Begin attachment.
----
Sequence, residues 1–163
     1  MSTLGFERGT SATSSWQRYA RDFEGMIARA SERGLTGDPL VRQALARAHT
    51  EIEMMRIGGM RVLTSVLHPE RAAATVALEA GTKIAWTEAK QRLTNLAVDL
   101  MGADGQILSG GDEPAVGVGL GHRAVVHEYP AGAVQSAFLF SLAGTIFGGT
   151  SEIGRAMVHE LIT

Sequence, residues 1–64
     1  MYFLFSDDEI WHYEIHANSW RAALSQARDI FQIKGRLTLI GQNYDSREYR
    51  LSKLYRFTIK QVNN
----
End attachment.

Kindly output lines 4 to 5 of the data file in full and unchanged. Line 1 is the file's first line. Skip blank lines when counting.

   101  MGADGQILSG GDEPAVGVGL GHRAVVHEYP AGAVQSAFLF SLAGTIFGGT
   151  SEIGRAMVHE LIT